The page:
Trump has approved the supplying of weapons to Kurdish forces battling the Islamic State group in Syria, a US official said on May 9, 2017. The funding "to provide support to the YPG has been approved," the official said on condition of anonymity. [Xinhua/AFP Photo]
In his first grand introduction with the Muslim world and Islam, President Donald Trump has chosen Saudi Arabia - a highly symbolic gesture, as the country is home to the two holiest mosques of Islam.
It is also Trump's first ever foreign trip since taking office in January when over the weekend he meets a group of Muslim leaders during the three unique summits.
The first summit is between Saudi Arabia and United States and will focus on bilateral ties. The second is regional and Trump will sit with leaders of six-member Gulf Cooperation Council (GCC). The third provides a grand occasion for Trump to meet leaders and representatives of over 50 Muslim countries at the Arab-Islamic-American summit.
According to reports in Saudi media, Donald Trump will give a speech on Islam to the Muslim leaders. The summit leaders will discuss combating extremism and cracking down on illicit financing under the summit slogan: "Together we prevail."
He will join King Abdullah II of Jordan, Twitter CEO Jack Dorsey, U.S. Secretary of State Rex Tillerson, Pakistani Nobel Laureate Malala Yousafzai and others for a discussion on fighting extremism and terrorism in the digital age.
In hindsight, what a transformation. Once Donald Trump blamed Muslims for all ills in the world and was eager to ban their entry in the United States. And here he is out on his first foreign venture to Saudi Arabia, the country blamed by many American and Western experts at the center of "promoting and patronizing radical Islam."
Trump's predecessor Barack Obama also tried to reach out to Muslims in the early days of his presidency. He was more circumspect and had chosen Cairo where he addressed a gathering of Muslims and talked about his vision of ties between the U.S. and Islam.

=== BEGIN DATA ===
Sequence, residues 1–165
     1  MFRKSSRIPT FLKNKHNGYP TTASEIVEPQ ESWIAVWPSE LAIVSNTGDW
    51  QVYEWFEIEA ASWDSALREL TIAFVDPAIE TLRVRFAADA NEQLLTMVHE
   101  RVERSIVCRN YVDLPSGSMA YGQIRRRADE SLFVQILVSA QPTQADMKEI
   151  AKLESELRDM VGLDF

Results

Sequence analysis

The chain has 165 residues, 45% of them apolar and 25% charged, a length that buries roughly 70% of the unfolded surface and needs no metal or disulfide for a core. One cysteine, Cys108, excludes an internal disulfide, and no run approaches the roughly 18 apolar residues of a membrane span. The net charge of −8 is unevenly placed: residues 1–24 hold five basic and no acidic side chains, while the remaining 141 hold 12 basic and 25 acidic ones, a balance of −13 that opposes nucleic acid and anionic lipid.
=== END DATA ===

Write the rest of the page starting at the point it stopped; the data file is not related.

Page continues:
Egypt has been pivotal to efforts of a revival of pan-Arab and pan-Islam sentiments. It has also suffered a lot due to extremism. With a secular military government, Cairo is determined to fight militancy with force but has far less political clout than Saudi Arabia.
Trump's dash to Riyadh shows not only the importance of the oil-rich kingdom, but a desire on the part of the White House to mend ties damaged due to Obama's overtures towards Iran. The Saudis and Israelis were against the nuclear deal, which has opened up ways for the lifting of sanction on Tehran.
Saudi Arabia also wants to exhibit its sway over Muslim countries by showing its convening powers. Reports suggest that over 50 countries are turning up for the summit with Trump. King Salman has termed it a new beginning in the relationship between the Islamic world and the United States, which will have a positive impact on global security.
Iran and Syria have not been invited due to their rift with the Kingdom. It will further widen the gulf between Shia and Sunni Islam, as represented by Iran and Saudi Arabia. Syria is in a state of war and mired in regional and global geo-strategic rivalries. Its absence is understandable.
Terrorism and extremism is expected to dominate the exchanges but other regional and political issues like the Iranian bid to expand influence in the region and the issue of Palestine should also be on the list of topics to be covered.
Trump will pay a visit to Israel after the Saudi trip and he will have to confront questions over his pronouncements in relation to shifting the embassy to Jerusalem. He is also trying to revive the peace talks between Israel and Palestine and support from 50 plus Muslim nations would be an asset for any initiative.
The summit with Muslim leaders can play a role in removing some of the basic misunderstandings between Trump's America and Islam.
However, on the key issue of terrorism, no major feat should be expected. The U.S. is already doing what it probably can to crush it through force. The Muslim leaders will reiterate their support for measures to defeat militancy. One can expect a lot about Islam being a religion of peace and that only a handful of militants are misusing its fair name.
The problem is that many Muslim countries, which are also allies of Washington, follow policies that create space for extremist thinking, while the U.S. follies rooted in wrong policies and repeated on the battlefields perpetuate this menace. And there is no quick fix to these fundamental contradictions.
Sajjad Malik is a columnist with China.org.cn. For more information please visit:
Opinion articles reflect the views of their authors, not necessarily those of China.org.cn.